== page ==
How plan sponsors can contain rising drug costs in 2021

With drug costs for plan sponsors steadily rising in recent years, keeping budgets down is top of mind as they plan for 2021.

“The biggest concern for plan sponsors is sustainability,” said Shawn O’Brien, principal of data enablement and drug, health, dental product roadmap for Telus Health, in a press release. “They have to find a way to provide a competitive benefits offering to employees, while at the same time containing costs. It’s a balancing act.”

Read: Mental-health conditions, specialty meds driving drug plan cost increases in 2019: report

This summer, Telus revealed average eligible costs for private drugs grew more quickly in 2019 than in any of the four previous years, increasing by 7.6 per cent. This was mainly due to a jump in the use and cost of specialty drugs, an increase in younger Canadians using medication for mental-health challenges and the rollback of the OHIP+ program. However, employers can use cost-containment strategies to help drive down the price of drugs while keeping comprehensive health plans available to their members, according to a new report by Telus Health.

One of the cost-cutting strategies suggested by the digital health-care provider is leveraging basic plan design features, such as mandatory generic substitutions to replace name-brand drugs or limiting claim payments to solely the cost of generic brands. In fact, many carriers include mandatory generic substitutions as the default, which is driving a trend that saw generics account for 63 per cent of private drug-plan prescriptions in 2019, up from 58 per cent in 2015, according to the report.

In circumstances where medications don’t have a generic substitute, the report said plan sponsors can instruct their drug programs to cut back the cost or replace it with a lower-cost branded drug option that provides equivalent efficacy. Step therapy is another option that helps ensure plan members try lower-cost alternatives before moving up to higher-cost medications. Telus Health also advised managed formularies to ensure new drugs go through an independent cost-benefit analysis after Health Canada approves them and before they’re added to a plan formulary.

Read: How will OHIP+ rollback affect plan sponsors?

Another strategy the digital health-care provider recommended is for plan sponsors to address specialty drug costs. “There are fewer people taking specialty drugs than traditional drugs because they treat more rare diseases, but still they account for more than 30 per cent of total drug-plan spending now, based on our book of business,” said O’Brien.

From 2018 to 2019, the average eligible monthly costs of traditional (non-specialty) drugs for those aged 25 to 64 who are insured rose by 2.9 per cent, the report noted. That same measure rose by 10.1 per cent for specialty drugs (including biologics), costing $10,000 or more per year, per claimant.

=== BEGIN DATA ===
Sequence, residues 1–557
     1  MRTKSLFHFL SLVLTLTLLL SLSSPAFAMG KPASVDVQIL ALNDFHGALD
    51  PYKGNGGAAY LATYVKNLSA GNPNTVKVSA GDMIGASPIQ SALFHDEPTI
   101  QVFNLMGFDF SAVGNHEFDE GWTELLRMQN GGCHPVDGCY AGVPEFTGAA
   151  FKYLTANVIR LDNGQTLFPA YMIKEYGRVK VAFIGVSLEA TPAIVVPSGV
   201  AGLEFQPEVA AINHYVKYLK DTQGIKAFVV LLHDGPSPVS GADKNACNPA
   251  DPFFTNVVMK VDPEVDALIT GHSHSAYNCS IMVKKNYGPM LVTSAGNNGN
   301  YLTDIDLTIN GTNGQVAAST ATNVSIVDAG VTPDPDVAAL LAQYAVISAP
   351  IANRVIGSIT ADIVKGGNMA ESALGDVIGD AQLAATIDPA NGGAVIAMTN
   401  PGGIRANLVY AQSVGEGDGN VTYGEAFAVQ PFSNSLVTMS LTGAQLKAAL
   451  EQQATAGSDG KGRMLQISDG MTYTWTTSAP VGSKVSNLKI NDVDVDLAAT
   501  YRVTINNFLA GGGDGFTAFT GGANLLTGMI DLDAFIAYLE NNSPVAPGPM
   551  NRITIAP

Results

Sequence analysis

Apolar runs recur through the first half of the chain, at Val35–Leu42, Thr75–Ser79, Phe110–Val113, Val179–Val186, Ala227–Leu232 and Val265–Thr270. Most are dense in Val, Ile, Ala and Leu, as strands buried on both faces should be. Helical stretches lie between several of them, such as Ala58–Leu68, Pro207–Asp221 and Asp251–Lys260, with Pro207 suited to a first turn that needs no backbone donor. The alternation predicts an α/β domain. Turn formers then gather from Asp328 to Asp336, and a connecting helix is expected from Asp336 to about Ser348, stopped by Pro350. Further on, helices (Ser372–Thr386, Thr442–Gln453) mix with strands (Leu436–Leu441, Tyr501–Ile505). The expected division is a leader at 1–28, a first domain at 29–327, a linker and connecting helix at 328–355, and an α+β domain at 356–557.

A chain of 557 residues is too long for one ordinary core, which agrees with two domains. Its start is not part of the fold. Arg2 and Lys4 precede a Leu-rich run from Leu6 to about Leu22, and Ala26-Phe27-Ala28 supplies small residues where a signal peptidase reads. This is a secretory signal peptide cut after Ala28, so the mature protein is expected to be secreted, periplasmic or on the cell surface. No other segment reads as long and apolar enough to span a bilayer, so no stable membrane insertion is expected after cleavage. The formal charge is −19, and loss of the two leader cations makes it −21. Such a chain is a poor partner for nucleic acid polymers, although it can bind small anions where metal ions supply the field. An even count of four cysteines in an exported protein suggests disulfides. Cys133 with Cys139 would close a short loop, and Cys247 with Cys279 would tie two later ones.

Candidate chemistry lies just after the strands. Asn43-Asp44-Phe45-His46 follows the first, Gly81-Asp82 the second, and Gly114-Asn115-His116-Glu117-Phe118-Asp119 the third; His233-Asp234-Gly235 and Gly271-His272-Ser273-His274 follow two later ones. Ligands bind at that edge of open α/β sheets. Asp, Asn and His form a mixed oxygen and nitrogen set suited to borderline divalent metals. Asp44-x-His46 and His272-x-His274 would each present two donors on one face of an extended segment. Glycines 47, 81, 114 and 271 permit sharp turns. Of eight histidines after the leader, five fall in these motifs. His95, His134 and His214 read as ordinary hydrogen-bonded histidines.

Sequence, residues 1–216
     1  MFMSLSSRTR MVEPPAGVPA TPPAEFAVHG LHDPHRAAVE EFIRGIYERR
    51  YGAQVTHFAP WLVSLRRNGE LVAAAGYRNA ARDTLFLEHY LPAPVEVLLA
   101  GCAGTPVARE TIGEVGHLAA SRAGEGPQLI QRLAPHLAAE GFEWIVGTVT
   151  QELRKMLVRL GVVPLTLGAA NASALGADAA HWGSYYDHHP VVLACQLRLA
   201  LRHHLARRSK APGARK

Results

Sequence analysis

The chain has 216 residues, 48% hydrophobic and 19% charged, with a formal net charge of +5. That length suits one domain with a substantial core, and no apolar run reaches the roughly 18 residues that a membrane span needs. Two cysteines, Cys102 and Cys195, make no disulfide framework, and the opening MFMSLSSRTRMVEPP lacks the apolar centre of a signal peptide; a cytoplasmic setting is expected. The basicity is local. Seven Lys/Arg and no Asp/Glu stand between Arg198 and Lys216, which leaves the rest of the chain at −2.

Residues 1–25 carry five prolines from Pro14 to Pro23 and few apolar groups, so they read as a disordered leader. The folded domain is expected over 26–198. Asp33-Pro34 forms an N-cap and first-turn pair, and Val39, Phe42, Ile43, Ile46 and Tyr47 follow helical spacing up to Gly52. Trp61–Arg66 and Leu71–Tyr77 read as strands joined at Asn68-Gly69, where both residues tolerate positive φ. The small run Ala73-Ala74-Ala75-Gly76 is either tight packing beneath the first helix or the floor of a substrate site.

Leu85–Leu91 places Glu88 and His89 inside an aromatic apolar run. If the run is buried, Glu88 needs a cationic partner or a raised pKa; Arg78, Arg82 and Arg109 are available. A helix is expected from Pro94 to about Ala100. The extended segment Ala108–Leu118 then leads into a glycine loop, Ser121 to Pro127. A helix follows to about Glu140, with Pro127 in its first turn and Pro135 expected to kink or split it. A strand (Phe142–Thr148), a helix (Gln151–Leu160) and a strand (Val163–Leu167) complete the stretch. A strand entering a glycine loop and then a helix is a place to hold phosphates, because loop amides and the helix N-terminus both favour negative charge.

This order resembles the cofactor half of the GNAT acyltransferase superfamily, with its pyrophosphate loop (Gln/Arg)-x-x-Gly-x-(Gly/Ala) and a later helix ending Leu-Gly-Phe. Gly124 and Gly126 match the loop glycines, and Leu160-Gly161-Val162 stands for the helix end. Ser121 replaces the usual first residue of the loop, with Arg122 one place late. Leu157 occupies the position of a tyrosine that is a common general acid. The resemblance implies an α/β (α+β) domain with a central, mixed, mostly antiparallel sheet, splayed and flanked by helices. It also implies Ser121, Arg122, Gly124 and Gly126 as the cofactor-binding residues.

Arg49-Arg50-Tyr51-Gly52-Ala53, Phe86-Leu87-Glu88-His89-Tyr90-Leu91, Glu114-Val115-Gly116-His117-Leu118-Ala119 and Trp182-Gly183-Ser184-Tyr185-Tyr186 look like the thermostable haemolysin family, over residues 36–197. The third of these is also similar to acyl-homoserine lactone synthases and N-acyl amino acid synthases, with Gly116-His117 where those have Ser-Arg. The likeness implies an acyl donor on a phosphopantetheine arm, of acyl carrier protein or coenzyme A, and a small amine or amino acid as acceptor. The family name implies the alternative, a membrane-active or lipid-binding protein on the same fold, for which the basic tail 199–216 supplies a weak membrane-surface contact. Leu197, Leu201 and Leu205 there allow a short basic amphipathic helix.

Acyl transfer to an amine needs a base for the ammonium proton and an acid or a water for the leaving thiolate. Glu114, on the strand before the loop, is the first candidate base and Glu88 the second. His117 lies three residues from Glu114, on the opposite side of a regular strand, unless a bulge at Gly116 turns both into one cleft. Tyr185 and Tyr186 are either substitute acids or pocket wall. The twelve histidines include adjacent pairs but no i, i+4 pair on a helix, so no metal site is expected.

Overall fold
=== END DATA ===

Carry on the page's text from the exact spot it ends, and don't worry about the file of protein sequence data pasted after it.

Telus Health also suggested plan sponsors consider the use of prior authorization, which allows managed formularies to review whether members meet specific clinical guidelines before a specialty drug prescription is filled. Electronic prior authorization is the next logical step, the report said, as it offers greater efficiency and the potential for more timely access to drugs and reduced barriers to access.

Read: A legislative update on provincial biosimilar policies

The report noted plan sponsors may also want to substitute biosimilars in place of high-cost biologics that don’t have generic equivalents. However, for this swap to work, references must store information about each claimant’s condition, as a biologic may be used to treat multiple conditions while a biosimilar may only be approved to treat one. It also pointed to product listing agreements as a way to reduce the cost of drugs at the point of sale.

The company also encouraged plan sponsors to support medication adherence, as plan members don’t get the full benefit of improperly-taken medications and may need more drug support over the long term if they don’t keep their conditions under control. Telus Health found non-adherence (measured based on whether claimants refill their prescriptions on time) was high in three categories: diabetes (24.8 per cent), depression (23.0 per cent) and cardiovascular conditions (16.2 per cent), including high blood pressure and high cholesterol. Together, they account for 28 per cent of eligible drug costs.

To support medication adherence, the report encouraged plan sponsors to provide members with access to online applications that deliver daily medication reminders and send alerts when a prescription is due to be refilled or that can arrange for renewals to be automatically dispensed. It also noted apps can make it easy to connect to a social worker, psychologist or psychotherapist and schedule a virtual appointment, which can be essential to support adherence for people with mental-health conditions.

Read: Drug adherence an increasing issue for plan members, sponsors, finds survey